There are several hypotheses about the mechanism by which SOB affects personality traits. The first is the hypothesis that photoperiod during pregnancy or the neonatal period associated with the SOB affects dopamine turnover. The SOB affects the monoaminergic system of the neonatal brain. The brain monoamine turnover rate is related to personality [3941]. The HVA level in the CSF is proportional to the amount of dopamine activity in the brain [42, 43], and there is research showing that as dopamine activity increases and dopamine turnover increases, NS decreases [19, 20]. High NS is known to be associated with low dopamine action [44]. The men born in winter have relatively high NS that is associated with high dopamine activity, which can be considered as a link to some psychopathology. The second hypothesis postulates that personality is related to the circadian rhythm. Melatonin and dopamine inhibit each other. That is, at night, as melatonin increases, dopamine decreases; a reversal of these levels occurs during the day [4]. Natale et al. found that those born in winter were more likely to be a morning person than those born in summer, and suggested that the dopamine levels of those born in winter are higher than those born in summer [45]. Interestingly, Caci et al. found that morning people are lower on the NS dimension [46]. The melatonin rhythms of the mother and the child are related, and the mother’s melatonin rhythm changes with the season during pregnancy [47]. Hofman et al. found in their study of autopsies, melatonin levels in the pineal gland were lower at night in bodies examined in winter (between October and March) than bodies examined in months with longer daytime [48].

The limitations of this study are as follows. First, as this study’s participants were students of a Korean university, future research needs to include a wider range of participants. Second, the study employed the Korean conventional method of classifying season into four seasons which is different from previous studies’ classification method. Third, the objectivity of interpretation may be limited due to it being a cross-sectional study with only a self-report test. Fourth, it is difficult to know the direction of the interaction between SOB and TCI due to the nature of cross-sectional studies, and we were unable to determine what clinical outcomes could result from this interaction.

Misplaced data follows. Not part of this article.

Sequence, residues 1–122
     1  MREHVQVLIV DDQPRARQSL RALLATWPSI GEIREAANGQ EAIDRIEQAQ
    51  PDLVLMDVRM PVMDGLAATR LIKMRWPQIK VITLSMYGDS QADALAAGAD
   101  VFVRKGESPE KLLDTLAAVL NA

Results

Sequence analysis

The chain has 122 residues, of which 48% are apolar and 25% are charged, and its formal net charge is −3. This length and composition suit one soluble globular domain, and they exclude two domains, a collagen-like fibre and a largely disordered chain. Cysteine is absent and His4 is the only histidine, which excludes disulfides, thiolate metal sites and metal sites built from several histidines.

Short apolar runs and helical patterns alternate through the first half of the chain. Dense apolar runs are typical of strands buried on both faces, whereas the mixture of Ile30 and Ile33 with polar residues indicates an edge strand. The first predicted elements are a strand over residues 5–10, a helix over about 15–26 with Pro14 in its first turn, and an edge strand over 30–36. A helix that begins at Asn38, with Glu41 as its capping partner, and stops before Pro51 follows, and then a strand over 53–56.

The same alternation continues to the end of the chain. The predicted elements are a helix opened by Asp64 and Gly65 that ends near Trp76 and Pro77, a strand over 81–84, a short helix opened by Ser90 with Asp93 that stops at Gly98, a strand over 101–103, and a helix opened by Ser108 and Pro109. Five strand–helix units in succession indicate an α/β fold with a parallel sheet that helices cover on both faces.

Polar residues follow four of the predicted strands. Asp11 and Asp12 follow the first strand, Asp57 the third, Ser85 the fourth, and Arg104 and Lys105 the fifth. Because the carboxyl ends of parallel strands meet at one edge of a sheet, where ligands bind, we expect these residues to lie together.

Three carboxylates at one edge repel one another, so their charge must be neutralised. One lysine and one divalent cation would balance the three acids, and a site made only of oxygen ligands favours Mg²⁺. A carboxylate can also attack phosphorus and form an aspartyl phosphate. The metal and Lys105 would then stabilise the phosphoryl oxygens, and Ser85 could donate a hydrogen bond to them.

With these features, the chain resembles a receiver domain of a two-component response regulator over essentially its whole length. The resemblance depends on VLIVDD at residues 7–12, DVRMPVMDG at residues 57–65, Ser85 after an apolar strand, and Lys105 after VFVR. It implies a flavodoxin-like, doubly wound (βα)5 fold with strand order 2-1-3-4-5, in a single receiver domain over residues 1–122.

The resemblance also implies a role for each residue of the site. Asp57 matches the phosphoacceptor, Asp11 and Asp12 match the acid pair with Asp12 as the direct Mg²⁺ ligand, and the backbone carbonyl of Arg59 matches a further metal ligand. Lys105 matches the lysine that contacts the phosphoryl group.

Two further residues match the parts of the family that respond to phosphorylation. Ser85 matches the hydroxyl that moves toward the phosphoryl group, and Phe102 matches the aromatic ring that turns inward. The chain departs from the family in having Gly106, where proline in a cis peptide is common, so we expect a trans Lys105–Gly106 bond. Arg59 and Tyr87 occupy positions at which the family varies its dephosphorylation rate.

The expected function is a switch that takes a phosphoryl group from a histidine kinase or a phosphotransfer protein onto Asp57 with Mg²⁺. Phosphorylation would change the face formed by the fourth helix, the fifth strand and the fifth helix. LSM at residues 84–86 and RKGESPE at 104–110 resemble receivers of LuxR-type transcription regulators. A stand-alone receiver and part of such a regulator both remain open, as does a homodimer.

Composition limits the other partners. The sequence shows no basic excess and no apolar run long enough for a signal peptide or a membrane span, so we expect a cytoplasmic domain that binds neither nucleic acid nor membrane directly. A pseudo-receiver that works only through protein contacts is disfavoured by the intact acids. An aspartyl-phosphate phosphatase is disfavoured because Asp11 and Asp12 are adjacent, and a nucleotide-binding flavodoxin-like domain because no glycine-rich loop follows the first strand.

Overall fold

Nevertheless, this study has significance as the first large-scale Asian study on the relationship between SOB and TCI. Previous studies mostly analyzed individuals from western countries. Especially, the Swedish and Finish studies conducted in countries with similarities in genetic and environmental factors such as race, latitude, solar radiation, and temperature. Temperaments are traits, and can be explained by the phenotype of learning and memory made during growth [22]. It reflects complex genetics and developmental processes. In the future, follow-up studies need to examine the association between SOB, personality traits, and related psychiatric disorders. Investigation of this association will help further the understanding of the pathology and treatment of psychiatric disorders including mood disorders.


This study investigated the relationship between SOB and TCI. Although no significant differences in personality in women or men were found, NS, a temperament dimension, was higher in men born in fall or winter than in spring. This finding is consistent with the previous study findings on male adolescents and young adults. Taken together with previous studies, winter births in humans may be associated with dopamine vulnerability, which is likely to be the effect of photoperiod during the perinatal period. Development of the dopamine system should be investigated to understand its association with the intrauterine environment or the maternal circadian system. Follow-up research on the topic will be needed.

Supporting information

S1 Table. The mean differences between TCI NS subdimensions and seasons in male.



The authors acknowledge the help of all the study participants.